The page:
The Nevada Hall of Fame
When it first occurred to me that Nevada has no Hall of Fame I envisioned a big sign on the outside of a large empty building.
|Please use this form
to nominate a candidate for
The Nevada Hall of Fame
I have since refined that conception to include virtual exhibits on the individuals who have achieved fame here, or at least deserved to.
They needn’t have been born here, lived here all their lives or even spent much time here at all, only that they deserved to be famous and had a strong Nevada connection.
Introducing the First Six:
Editor’s Choice —
by Eric Cachinero
Have you ever traversed the narrow slot canyons of Cathedral Gorge? Gazed upon Lake Tahoe’s most iconic bonsai tree? Hiked among the vibrant red sandstone in the Valley of Fire? Gazed across the seemingly infinite flatness of the Black Rock Desert?
Do you want an excuse to?
Let the 2019 Silver State Scavenger Hunt begin! This year’s hunt is the perfect opportunity to get out and explore some of Nevada’s most breathtaking natural wonders.
by Jay Jones
Ever dream about stargazing by train? The Great Basin Star Train takes you to a dark place in north-central Nevada to see what our ancestors saw before light pollution wiped out most Americans’ views of the night sky.
The ride starts at 7:30 p.m. in the tiny town of Ely, about four hours north of Las Vegas, one of the brightest cities in the world. Rangers from nearby Great Basin National Park board the Nevada Northern Railway Museum’s historic train to serve as astronomy guides.
Nevada’s “new” Brothel Industry won’t lie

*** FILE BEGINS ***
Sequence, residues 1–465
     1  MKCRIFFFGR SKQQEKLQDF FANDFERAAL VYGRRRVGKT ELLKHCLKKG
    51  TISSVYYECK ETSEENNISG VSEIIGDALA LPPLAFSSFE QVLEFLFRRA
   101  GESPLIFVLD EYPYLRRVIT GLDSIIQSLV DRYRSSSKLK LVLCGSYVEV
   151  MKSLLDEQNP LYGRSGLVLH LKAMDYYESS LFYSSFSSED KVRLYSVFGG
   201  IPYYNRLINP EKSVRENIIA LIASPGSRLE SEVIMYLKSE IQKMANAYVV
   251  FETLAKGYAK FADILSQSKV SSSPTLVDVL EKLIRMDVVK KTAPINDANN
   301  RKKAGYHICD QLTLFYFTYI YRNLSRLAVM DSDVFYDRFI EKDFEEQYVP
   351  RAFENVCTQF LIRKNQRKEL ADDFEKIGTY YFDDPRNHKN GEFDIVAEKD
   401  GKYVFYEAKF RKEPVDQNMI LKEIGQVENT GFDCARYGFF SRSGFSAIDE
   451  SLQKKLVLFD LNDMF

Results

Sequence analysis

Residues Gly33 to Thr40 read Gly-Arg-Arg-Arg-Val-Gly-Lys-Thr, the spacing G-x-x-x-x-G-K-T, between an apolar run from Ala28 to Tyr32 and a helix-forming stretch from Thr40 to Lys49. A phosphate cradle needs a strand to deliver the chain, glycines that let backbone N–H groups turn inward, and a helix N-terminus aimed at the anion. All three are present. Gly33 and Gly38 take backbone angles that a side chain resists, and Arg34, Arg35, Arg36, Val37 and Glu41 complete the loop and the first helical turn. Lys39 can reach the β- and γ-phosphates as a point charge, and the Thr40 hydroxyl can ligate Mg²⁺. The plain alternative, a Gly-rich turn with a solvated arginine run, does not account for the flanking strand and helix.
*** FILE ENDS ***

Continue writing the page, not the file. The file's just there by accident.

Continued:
in the shadow of Dennis Hof
by Jeremy Lemur
Will 2020 be the year of the sex worker? As a movement to decriminalize prostitution gains unprecedented traction in New York and Washington D.C., and Democratic hopefuls such as Kamala Harris and Tulsi Gabbard speak openly about their support of sex workers, the 2020 presidential election may be the first to include the decriminalization of prostitution as a talking point. Just this month, Democratic lawmakers in New York State introduced a highly publicized bill that seeks to make it legal to engage in the consensual sale of sex. If more states follow New York’s lead, sex worker rights will certainly become a key issue during the 2020 Democratic Party presidential primaries.
With Nevada’s unique status as the only state in the union that has successfully legalized prostitution in the form of regulated brothels, Nevadans can expect the eyes of the nation to be on them as pundits look to a bona fide, time-tested example of legalized prostitution in America.
5 Years Ago in the NevadaGram
Land Sailors on Smith Creek Playa
The World Championship Land Sailing Competition was held last month at Smith Creek Playa west of Austin alongside old US 50 (now Nevada 722). It had been held in recent years at Ivanpah in the Mojave Desert of southeastern California, but perhaps that had not been deemed remote enough by the organizers.
Surely Smith Creek Playa — a dry lake bed more than 70 miles east of Fallon and more than 30 miles west of Austin — is remote enough.
This is terrain traversed at a gallop by Pony Express riders in 1860 and not much changed since then, except by the slow increase in traffic along the old trail prompted by silver discoveries in the nearby mountains. Horses and wagons gave over to flivvers, which gradually became automobiles, more and more of them whizzing past the dry lake bed on the Lincoln Highway.